Complex Sentences Simplified
Academics and scientists tend to write about difficult problems and complex research. No wonder, then, if they often need to express complex ideas and arguments with the utmost clarity. Doing so in English can be challenging, however, even for native speakers and especially for early-career scholars who are just beginning to write up the results of their research projects. For authors who are not native speakers of English, producing complex sentences can be an almost overwhelming task, but not, in the final analysis, an impossible one.
Rereading your simple sentences and reshaping them into more sophisticated and complex structures once you have laid out your basic content and argument in a first draft can be a highly effective way of improving your writing style and keeping your readers interested. After all, no one – neither writer nor reader – enjoys a text that consists of nothing but simple sentence after simple sentence, each one with the same basic structure. The following notes aim to clarify the structure of complex sentences in the hope that authors uncertain of their skills will be encouraged to try their hands at constructing such sentences. Do note, however, that I do not mean compound sentences, which, in the English language, are something quite different. Compound sentences consist of linked independent clauses, with an independent clause being a clause that can stand on its own as a complete sentence. A complex sentence, on the other hand, consists of an independent clause and at least one dependent clause, with a dependent clause being a clause that cannot stand on its own because it is not a complete thought.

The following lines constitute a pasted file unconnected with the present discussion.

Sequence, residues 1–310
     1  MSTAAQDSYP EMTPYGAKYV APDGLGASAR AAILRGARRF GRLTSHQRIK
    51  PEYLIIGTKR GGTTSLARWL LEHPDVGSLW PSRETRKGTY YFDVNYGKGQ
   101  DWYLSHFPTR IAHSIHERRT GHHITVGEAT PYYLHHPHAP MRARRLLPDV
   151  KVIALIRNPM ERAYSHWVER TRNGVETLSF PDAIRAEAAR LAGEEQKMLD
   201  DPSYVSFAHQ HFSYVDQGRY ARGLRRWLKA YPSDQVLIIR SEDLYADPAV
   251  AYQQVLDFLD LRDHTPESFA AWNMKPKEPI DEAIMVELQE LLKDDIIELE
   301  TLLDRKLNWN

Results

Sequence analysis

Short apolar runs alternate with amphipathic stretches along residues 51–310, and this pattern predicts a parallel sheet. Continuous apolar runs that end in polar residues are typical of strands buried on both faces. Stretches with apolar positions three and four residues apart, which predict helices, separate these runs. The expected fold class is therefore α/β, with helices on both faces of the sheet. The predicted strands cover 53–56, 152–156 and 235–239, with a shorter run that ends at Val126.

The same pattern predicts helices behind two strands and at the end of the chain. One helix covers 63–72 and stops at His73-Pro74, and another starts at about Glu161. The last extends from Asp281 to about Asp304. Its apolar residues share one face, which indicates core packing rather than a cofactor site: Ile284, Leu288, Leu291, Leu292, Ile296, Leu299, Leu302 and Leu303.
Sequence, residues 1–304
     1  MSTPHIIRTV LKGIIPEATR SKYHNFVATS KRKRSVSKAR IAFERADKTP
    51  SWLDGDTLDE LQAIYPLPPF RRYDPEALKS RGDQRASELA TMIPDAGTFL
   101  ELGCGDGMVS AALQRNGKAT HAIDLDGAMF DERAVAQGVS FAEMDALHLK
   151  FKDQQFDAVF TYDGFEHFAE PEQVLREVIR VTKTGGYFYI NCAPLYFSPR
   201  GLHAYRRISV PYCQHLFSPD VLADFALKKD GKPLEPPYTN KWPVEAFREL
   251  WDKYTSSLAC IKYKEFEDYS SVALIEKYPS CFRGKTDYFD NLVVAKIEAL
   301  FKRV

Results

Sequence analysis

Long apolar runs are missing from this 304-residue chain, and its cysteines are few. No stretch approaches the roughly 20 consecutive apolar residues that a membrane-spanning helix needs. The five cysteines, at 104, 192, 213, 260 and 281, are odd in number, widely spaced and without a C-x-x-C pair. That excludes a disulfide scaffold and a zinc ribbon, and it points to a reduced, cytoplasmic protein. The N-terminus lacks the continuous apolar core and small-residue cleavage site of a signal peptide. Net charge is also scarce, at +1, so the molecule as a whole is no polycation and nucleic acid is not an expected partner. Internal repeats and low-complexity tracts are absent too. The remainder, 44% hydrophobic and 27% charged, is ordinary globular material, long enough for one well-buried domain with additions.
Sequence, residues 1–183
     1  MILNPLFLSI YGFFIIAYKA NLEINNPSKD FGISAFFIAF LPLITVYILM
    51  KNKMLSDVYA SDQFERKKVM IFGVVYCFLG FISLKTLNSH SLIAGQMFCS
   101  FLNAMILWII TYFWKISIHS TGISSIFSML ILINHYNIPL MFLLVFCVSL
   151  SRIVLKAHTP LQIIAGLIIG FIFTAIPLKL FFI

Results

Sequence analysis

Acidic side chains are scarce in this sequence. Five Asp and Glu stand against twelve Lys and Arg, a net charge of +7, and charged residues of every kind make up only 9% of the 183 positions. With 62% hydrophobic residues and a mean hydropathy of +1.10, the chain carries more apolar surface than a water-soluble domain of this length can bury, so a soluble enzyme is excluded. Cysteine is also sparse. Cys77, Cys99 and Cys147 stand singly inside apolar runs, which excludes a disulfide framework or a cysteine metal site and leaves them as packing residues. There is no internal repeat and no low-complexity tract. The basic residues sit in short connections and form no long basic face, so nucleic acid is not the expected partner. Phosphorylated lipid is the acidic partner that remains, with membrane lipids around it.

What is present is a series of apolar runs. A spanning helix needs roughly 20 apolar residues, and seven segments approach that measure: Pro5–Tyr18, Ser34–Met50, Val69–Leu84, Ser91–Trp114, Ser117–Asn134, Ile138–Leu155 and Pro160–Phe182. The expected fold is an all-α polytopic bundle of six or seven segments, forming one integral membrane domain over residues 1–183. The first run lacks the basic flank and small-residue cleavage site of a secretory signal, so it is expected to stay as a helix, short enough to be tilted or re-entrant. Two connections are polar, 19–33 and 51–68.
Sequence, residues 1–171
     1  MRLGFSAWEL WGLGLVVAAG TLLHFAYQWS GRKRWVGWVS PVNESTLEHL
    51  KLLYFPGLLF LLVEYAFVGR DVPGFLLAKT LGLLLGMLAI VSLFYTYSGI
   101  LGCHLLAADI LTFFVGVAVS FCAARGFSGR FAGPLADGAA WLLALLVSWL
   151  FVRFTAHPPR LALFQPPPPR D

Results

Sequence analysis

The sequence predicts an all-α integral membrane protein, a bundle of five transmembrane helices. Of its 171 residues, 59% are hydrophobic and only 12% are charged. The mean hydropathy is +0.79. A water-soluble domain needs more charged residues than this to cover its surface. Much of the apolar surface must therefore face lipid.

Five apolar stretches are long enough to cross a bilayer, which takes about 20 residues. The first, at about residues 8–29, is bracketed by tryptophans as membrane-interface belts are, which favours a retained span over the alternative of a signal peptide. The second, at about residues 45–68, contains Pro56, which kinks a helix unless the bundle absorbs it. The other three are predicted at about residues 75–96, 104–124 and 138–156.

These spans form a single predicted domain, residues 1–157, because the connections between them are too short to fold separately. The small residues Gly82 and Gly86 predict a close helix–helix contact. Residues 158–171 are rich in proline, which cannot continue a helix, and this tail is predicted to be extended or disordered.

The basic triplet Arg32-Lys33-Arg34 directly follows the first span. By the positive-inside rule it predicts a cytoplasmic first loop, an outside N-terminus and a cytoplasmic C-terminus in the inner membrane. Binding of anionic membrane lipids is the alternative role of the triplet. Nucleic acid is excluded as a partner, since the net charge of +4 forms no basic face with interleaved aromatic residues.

There are two basic patterns for complex sentences. In one, the dependent clause follows the independent clause. For example, ‘Publishers are facing a flurry of changes in book production and distribution, although many remain positive that they will weather the storm’ is a classic structure for a complex sentence. The first (independent) clause could obviously stand on its own, but the second clause (from ‘although’ on), despite the fact that it contains a subject and a verb, is dependent on the first clause and cannot stand on its own as a complete thought. The dependency lies in the word ‘although,’ which qualifies and therefore renders dependent the idea in the clause that follows it. Such words are sometimes called dependency markers because of this role in dependent clauses, and they are often preceded by a comma when they follow an independent clause, but not always. ‘Because,’ for instance, is often used in this position without the comma: ‘I ride my bicycle to the library because I can take the river route and miss all the traffic.’